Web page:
by Mary Branscombe

New-generation FPGAs can be reconfigured on the fly, enabling accelerated search across on-premises data centers and cloud.

Field Programmable Gate Arrays, or FPGAs, have some big advantages. You get the data parallelism of GPUs but without the high power bill; you get ASIC-like compute efficiency but with more flexibility, because you can reprogram them. But programming them is complicated, and that’s always been a problem, restricting FPGA use cases to specialized appliances.

But that’s changing, as cloud giants integrate FPGAs into their data center infrastructure. Amazon Web Services’ latest F1 FPGA cloud instances, rolled out earlier this month, enable businesses to move those specialized-appliance workloads to the cloud. One such business is Ryft, which now offers its FPGA-powered search acceleration on AWS.

“We’re doing high-speed analytics for big data applications, and we use FPGA to get the performance, but we deliver that as easy-to-use abstractions,” Bill Dentinger, Ryft VP of products, told Data Center Knowledge. The company accelerates big data analytics by removing the need to index data companies capture before they can search it.

It can accelerate Splunk or SAP Hana in on-premises data centers or cloud services like Tableau or Elasticsearch. “We’re able to both search data without having to go through that [indexing] pipeline and to expand the capabilities Elasticsearch can offer,” Dentinger said. “FPGA allows us to add different search capabilities like exact search, fuzzy hamming search, or Levenshtein edit distance.” (That measures the difference in characters between one word and another, which is useful in everything from spell checking to comparing DNA sequences.)

Chips Reconfigured Mid-Workload

The energy efficiency and parallelism of FPGAs isn’t as important to Ryft as their programmability. The Xilinx FPGAs that AWS picked for its F1 instances allow developers to partially reprogram the hardware in the middle of a workload, which is especially important.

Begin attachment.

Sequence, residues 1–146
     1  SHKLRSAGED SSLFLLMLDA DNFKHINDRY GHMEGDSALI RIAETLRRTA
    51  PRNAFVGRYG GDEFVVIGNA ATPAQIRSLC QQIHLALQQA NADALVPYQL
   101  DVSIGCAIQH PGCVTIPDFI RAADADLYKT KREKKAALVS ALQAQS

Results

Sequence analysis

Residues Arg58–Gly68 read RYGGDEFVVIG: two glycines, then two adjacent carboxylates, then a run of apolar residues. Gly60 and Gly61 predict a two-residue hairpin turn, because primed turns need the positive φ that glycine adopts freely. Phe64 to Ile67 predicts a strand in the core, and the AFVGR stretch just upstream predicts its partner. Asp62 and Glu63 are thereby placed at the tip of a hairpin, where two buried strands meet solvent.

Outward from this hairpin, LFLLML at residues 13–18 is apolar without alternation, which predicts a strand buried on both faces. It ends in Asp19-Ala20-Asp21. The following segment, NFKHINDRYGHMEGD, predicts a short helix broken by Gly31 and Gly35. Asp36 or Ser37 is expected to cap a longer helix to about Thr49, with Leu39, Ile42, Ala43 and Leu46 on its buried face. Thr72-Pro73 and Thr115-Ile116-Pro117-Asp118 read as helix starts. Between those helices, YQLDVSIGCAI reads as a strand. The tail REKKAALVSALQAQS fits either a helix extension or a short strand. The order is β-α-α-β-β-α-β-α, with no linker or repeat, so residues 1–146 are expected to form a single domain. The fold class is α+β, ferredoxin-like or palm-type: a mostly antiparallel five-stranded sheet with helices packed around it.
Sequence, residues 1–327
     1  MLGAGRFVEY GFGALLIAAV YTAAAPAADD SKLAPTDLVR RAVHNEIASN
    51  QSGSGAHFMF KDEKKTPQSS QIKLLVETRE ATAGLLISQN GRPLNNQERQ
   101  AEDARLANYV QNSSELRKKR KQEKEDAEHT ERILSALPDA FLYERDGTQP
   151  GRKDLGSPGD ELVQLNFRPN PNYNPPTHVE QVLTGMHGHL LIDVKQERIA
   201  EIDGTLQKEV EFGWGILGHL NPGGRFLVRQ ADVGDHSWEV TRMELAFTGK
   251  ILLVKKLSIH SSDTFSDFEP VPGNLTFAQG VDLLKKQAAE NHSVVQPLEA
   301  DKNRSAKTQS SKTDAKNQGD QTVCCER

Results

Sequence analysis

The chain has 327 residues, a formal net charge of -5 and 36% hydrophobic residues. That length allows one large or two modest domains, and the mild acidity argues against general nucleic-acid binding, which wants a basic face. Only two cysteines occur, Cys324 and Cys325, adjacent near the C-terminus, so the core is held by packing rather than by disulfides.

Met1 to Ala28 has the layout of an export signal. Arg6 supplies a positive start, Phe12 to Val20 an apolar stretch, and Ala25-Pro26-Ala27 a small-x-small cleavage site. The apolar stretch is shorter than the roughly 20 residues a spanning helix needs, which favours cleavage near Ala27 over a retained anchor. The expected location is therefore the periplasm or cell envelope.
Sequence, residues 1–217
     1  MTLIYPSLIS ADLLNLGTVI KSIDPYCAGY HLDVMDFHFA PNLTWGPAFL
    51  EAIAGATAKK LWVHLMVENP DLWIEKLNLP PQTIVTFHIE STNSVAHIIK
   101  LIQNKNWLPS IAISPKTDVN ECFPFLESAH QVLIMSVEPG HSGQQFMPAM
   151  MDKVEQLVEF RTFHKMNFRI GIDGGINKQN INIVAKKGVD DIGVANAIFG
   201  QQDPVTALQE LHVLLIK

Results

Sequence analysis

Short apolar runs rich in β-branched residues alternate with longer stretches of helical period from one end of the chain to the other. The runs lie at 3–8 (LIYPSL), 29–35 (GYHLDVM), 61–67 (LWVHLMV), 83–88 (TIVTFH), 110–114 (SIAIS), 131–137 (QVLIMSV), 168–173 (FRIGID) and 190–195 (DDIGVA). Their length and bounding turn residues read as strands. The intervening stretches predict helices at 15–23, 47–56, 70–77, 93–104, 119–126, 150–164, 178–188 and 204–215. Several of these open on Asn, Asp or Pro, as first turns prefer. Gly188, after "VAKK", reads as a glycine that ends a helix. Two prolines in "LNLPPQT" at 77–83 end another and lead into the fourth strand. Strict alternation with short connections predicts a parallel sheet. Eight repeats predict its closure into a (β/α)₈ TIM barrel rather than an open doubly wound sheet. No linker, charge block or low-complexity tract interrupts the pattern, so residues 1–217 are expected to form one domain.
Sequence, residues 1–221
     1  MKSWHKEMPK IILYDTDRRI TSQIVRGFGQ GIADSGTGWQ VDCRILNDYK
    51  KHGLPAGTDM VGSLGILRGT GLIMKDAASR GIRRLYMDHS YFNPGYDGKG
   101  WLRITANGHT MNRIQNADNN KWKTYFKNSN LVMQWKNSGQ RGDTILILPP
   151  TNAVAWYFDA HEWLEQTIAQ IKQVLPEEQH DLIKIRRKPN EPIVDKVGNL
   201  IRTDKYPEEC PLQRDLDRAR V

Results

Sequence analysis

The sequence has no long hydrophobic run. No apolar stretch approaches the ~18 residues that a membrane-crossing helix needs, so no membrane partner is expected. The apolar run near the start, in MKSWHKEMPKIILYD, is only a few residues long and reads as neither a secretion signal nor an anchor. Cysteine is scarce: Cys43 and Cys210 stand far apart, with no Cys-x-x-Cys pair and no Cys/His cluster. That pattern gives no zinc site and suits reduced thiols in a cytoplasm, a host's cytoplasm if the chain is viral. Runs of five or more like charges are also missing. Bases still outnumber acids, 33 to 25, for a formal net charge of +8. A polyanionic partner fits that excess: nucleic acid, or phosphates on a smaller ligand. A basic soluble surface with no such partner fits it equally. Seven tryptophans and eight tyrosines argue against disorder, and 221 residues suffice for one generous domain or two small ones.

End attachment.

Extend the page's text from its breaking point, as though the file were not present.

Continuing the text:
“In the big data world of analytics, the marketplace is changing dramatically all the time,” Dentinger said. “An FPGA comes with a certain amount of logic elements, and you program them to whatever functions you want to do.”

Ryft changes what the FPGA does from moment to moment, which is a new capability for these programmable chips, necessary to implement all its functionality. The new generation of FPGAs can be partially reconfigured on the fly, while the older ones could only be reconfigured once they had completed a workload. “Almost every Ethernet switch has an FPGA to change the network interface,” he explained. “When your switch or router boots, it loads an image into the FPGA, but it doesn’t change the image until you turn it off. We have these different primitives and search capabilities, and we need the ability to change the image of the FPGA not only because the market is doing something different, but because we’ve got so many things, they won’t all fit in the FPGA image.”

Reprogramming the entire FPGA to switch between search functions would take too long, but partial reconfiguration is much faster. “If we have the FPGA set up for exact search, we can reprogram it on the fly in milliseconds to do regular expressions. If you’re searching tweets for the words ‘happy hour’ in the latitude and longitude of say, Rockville in Maryland, you start with an exact search, but if it takes three seconds to load the new (FPGA) image to do a numeric search for [latitude] and [longitude], it’s already taking three seconds too long.”

Hybrid Model is a Must

Ryft is offering its service on AWS because customers have been asking for it to be available in the cloud, but it’s the hybrid option that may be the most interesting. By embedding the AWS Run command on its appliances in your data center, Ryft lets you create hybrid applications with images running in AWS. You’re still going to be searching data in AWS from AWS and data on your own servers using a Ryft appliance, but you’ll be able to link those searches.

“The compute in AWS will have data relevant to what you’re going to do there, and the compute in your data center will have the data that’s relevant there, and you’ll pick and choose which data you want to move to the cloud to be close to that compute,” Dentinger said. “But maybe you have human resources information and information about what devices people use in your business, and you put that in the cloud, and you do queries against that. If you want to know what IP address somebody sent an email with, and that was captured locally, you probably don’t want that information to be sent to the cloud. So, you might be searching for my IP address in the cloud and then searching in the on-premise system to see what IP address I’ve been talking to.”

Ryft has to support a hybrid model, because customers aren’t going to move all their workloads to the cloud all at once. “We have to be very easy to use and have the ability to go from in-cloud to on-premises without customer knowing or caring. You can run Ryft on AWS with the same APIs and connectors that you use in your data centers, and that allows us flexibility.”

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